The December Summit of the EU agreed to introduce an amendment to the EU Treaties to create a permanent bail out fund for Eurozone member states, that will be activated “if indispensable to the stability of the euro area as a whole”.
This is quite a high bar to cross. Suppose there is a financial crisis affecting the majority of countries in the euro zone, but one large country has insulated itself against this economic shock by building up large savings and preventing its banks from lending more than a very conservative amount. Would the existence of that one such country in the euro zone be legally sufficient to prevent the bail out fund being used then, because the crisis was not affecting the euro area ”as a whole”?
This wording in a Treaty will be very severe and may mean that countries in difficulty will not use this fund at all but will prefer to seek help from the IMF, because the IMF will look at the situation of individual countries, not at the euro area as a whole.
It would appear that this announcement has not calmed the markets. If so, this is because it is a one sided solution. It deals with helping countries avoid collapse, but it does so by enabling them to add further to their debts by borrowing on the strength of the credit of other member states who have a better credit rating.
What it does not do is provide a vision of how economic growth will be restored , so that a flow of funds will be created to repay the debts. The EU heads of Government have produced tons of paper on this topic in the past, notably under the so called Lisbon strategy. These papers have been full of pieties about “reform” and “flexibility”, but have lacked specifics and rigorous follow up. I always had reservations about the Lisbon Process because it lent the good name of the EU to systematic evasion of responsibility in areas where the EU actually had no power to act under the Treaties, and thus no responsibility for failures.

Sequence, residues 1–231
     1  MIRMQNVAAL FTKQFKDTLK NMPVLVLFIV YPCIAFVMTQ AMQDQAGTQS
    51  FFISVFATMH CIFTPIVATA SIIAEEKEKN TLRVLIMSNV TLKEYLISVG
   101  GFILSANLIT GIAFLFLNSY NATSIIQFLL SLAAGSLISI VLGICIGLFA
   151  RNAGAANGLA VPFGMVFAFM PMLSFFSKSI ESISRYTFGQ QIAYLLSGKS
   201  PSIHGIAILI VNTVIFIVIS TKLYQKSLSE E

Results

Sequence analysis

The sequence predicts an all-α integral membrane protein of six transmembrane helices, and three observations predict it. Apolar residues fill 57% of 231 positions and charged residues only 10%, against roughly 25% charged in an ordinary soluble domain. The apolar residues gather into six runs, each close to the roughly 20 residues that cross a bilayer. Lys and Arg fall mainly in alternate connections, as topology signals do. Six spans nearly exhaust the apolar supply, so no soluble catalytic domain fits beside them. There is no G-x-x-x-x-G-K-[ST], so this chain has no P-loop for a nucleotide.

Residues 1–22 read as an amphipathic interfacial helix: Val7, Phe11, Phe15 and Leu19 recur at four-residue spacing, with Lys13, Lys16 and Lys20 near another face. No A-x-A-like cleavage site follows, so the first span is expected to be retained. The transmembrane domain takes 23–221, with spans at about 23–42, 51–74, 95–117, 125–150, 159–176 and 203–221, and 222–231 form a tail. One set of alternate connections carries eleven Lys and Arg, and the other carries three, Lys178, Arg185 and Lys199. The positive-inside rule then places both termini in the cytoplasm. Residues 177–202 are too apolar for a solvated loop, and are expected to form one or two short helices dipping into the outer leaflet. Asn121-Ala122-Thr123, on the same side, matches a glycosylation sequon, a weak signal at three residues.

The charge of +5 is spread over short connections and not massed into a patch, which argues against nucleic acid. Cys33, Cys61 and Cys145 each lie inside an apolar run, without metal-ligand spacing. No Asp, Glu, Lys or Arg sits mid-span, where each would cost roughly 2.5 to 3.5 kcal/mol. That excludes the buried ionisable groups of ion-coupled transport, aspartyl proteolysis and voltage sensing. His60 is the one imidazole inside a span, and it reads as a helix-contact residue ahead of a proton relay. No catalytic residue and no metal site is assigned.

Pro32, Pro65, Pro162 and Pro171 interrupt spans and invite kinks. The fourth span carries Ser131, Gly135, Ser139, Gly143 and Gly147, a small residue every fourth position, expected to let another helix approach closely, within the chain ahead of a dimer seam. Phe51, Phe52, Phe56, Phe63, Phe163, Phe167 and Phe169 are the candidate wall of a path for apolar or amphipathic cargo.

My own view is that the European Council, which is a body consisting of 27 part timers, is not a body that is capable of the sort of rigorous, sustained, and self critical thought that is needed to restore economic growth at this critical moment in history.
27 heads of Government, all of whom are already fully employed managing their own countries , can only turn to EU affairs in their spare time, which may be on the plane on the way to the meeting in Brussels. The European Council does have a small secretariat and a fulltime Chairman, but that is not enough to make up for the fact that the people who make the actual decisions are all part time Europeans. Arguably the European Commission is available to help but its role is sidelined by its institutional rivalry with the Council.
We are facing more than a financial crisis. We are facing a crisis of the welfare state in ageing societies. We are facing a crisis of globalisation, and potentially even a crisis of the efficacy of European democracy. These subjects need to be tackled together in a sustained way, with a real sense of urgency. Decisions need to be taken now, that point the way forward for Europe for the next ten years. Leaders need to sit together until they have reached a full mutual understanding on all that needs to be done, the whole job, not just bits of it.
I believe that the members of the European Council from the 16 euro area countries should be  recalled, in the days after Christmas before the markets get going again in the New Year, and work together for a week or more with all the relevant members of the European Commission, to put together a ten year strategy for political and economic reform to facilitate the economic revival of the entire euro zone.
On the narrower issue of bank debts, the conclusions of the summit are also one sided. For example, the Irish banks owe 113 billion euros to German banks , 107 billion euros to British banks, and a large amount to Belgian banks. If mistakes were made in borrowing this money by the Irish banks, mistakes were made in lending it too. The lending banks were regulated in their home countries, not in Ireland.
While the Irish banks were regulated by Irish authorities who did not do their job properly, Irish taxpayers were not parties to either the lending decisions, nor to the borrowing decisions. Yet they are taking on the full responsibility of ensuring that the loans are repaid. They are getting new loans to help them do this, but they will have to repay those loans in full. There is a lack of symmetry here, to use a mild term.
Of course something along these lines was needed to prevent the problems of the Irish banks infecting the German , Belgian and British banks too. In protecting those banks one is protecting German, Belgian and British taxpayers. So surely this is a European responsibility, as well as an exclusively Irish one?
This is the sort of issue that it would take a lot of time to work out fairly and proportionately, time that the busy part time Europeans on the European Council do not allow themselves to take